A better idea would be to introduce the sheep without also killing lions, “and let the species self-propagate and spread out naturally,” he said.
The issue of killing mountain lions isn’t just playing out in the Catalina mountains. In the Aravaipa Canyon Wilderness about 70 miles north of Tucson, hunters have killed 43 mountain lions since July 2011, including three so far in 2014. Last December, a Game and Fish official shot and killed a lion after he suspected it had eaten a bighorn sheep. Two days later, another lion was killed. Autopsies showed sheep in the stomachs of both lions.
Guilty as charged, obviously — though in the lions’ defense, acting as biology has programmed you to act is probably a mitigating factor.
Killings of mountain lions don’t just happen in the wild. Last June, a mountain lion entered the backyard of a house in Peoria, just north of Phoenix. A family member recorded the encounter as the lion stalked the yard and glared through the back door. A neighbor called police. Officers shot and killed the big cat as it attempted to flee the neighborhood.
So that’s an issue for neighborhoods. “There is nothing that anyone can do to keep mountain lions away from any suburban areas, other than for residents to not feed wildlife, particularly deer or javelina, which are normal prey for mountain lions,” said Lisa Haynes, coordinator for the University of Arizona’s Wild Cat Research and Conservation group.
But speaking of wilderness areas, some are appalled that mountain lions, which are also known as pumas, can be executed for attacking an animal when it needs food in general. Others support a short-term plan to remove immediate threats from lions till the sheep population stabilizes.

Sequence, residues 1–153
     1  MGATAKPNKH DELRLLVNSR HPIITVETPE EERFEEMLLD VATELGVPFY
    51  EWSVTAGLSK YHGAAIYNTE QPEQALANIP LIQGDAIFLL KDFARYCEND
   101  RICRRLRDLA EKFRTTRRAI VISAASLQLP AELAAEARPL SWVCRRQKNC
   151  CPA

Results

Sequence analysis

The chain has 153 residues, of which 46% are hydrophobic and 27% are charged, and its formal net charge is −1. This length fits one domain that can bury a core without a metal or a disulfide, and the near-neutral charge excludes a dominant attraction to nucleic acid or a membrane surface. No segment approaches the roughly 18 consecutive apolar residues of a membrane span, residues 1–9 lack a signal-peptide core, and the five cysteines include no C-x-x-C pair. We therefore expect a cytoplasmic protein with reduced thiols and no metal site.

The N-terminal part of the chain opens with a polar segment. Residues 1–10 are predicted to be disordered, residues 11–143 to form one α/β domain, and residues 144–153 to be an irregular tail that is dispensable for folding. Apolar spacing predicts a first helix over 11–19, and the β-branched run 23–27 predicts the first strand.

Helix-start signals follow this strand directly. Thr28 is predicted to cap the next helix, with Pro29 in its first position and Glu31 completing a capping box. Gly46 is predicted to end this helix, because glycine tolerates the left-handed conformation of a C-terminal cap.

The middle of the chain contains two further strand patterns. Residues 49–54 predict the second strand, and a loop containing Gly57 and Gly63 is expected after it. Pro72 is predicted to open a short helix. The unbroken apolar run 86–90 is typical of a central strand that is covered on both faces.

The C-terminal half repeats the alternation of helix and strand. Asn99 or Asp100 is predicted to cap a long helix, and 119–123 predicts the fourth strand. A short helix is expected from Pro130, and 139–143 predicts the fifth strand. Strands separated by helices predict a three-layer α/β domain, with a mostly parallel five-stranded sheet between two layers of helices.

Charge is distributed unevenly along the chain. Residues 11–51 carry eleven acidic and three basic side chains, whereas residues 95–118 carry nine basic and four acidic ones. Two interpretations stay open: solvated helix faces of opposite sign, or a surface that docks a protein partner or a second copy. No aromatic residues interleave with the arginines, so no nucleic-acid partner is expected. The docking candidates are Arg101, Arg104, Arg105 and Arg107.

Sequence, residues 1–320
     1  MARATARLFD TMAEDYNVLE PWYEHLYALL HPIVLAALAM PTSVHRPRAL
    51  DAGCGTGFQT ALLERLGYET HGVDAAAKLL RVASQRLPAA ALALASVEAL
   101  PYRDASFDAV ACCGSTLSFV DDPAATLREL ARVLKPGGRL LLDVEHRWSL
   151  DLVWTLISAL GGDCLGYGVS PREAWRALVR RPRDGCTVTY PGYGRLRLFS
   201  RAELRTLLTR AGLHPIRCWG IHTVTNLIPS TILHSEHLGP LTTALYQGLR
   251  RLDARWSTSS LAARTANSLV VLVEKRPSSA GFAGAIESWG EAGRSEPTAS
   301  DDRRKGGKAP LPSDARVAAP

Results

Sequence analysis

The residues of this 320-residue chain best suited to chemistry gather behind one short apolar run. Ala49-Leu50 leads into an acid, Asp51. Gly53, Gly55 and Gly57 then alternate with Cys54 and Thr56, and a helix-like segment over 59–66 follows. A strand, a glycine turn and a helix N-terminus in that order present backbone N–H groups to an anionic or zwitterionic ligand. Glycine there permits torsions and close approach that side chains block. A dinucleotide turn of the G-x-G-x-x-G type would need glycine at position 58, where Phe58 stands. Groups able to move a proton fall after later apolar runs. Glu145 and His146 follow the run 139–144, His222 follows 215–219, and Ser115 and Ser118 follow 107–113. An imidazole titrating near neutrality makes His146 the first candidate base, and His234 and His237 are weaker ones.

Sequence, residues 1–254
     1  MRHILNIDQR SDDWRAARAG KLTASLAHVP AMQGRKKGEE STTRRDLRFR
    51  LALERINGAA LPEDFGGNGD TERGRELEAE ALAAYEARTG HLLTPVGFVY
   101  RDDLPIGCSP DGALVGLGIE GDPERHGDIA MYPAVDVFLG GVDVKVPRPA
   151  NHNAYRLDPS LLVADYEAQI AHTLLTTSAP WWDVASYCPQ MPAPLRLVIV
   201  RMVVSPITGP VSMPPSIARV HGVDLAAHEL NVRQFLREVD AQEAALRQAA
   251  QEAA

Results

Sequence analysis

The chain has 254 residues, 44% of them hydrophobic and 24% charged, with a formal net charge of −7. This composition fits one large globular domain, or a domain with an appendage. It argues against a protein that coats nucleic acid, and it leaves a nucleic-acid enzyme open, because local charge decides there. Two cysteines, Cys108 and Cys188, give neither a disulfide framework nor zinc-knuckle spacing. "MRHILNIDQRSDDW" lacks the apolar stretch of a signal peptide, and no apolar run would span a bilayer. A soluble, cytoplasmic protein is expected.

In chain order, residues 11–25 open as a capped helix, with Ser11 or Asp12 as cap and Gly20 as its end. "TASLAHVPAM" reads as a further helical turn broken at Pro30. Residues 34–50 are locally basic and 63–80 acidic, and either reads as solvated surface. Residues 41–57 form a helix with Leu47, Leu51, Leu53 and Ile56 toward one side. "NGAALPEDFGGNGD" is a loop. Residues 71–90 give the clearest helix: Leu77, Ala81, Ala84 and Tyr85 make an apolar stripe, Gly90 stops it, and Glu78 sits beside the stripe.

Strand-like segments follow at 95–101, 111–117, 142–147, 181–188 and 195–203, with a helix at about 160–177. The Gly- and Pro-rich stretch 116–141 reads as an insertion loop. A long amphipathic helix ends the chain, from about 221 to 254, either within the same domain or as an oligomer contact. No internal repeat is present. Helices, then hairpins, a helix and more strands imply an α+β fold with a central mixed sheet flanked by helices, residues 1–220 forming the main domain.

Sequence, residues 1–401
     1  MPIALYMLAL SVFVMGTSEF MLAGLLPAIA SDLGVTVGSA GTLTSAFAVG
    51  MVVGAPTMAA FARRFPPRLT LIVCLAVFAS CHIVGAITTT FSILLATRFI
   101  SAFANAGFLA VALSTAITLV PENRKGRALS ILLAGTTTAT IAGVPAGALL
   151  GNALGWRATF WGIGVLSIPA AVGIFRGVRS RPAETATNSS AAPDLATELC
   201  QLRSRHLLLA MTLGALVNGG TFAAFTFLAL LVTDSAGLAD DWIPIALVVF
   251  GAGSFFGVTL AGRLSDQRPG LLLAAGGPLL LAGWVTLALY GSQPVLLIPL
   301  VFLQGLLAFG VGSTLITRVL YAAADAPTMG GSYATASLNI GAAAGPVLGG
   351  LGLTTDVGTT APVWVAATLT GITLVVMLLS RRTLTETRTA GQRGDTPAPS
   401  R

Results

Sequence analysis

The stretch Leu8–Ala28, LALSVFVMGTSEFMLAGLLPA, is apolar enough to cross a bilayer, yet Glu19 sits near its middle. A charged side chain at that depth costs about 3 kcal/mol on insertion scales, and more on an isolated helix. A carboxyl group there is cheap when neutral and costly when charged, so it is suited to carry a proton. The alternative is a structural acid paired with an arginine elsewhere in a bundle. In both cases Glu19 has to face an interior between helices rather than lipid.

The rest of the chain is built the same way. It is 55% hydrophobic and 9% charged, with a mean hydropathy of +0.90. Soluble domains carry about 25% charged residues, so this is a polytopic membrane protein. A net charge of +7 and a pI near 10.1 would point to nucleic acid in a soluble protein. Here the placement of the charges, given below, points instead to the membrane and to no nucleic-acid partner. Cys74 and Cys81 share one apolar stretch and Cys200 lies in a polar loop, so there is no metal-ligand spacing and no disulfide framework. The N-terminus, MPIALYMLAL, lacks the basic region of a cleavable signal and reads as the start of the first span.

“The lions are just doing what any animal would do in that situation,” said Levi Heffelfinger, a University of Arizona natural resources major and avid outdoorsman. Mountain areas, he added, “have tons [of lions] living in them. Removing a lion or two that’s hurting what you’re trying to bring back is not really going to affect the lion population overall.”
Although mountain lions are bad news for sheep, it’s worth noting that they are usually not dangerous to humans.
“A great majority of the time, mountain lions pose no threat to people,” Haynes said. “Anyone who has hiked in any of our southern Arizona mountain ranges is in high-quality lion habitat and may even have been watched by a mountain lion. Ordinarily, mountain lions are reclusive and essentially mind their own business.”
According to the Catalina Bighorn Sheep Restoration Project, the goal of the reintroduction effort is to restore ecological balance to the territory the sheep roamed for thousands of years. The sheep’s population began to diminish in the 1990s due to a variety of reasons, including fire suppression, disease and predation.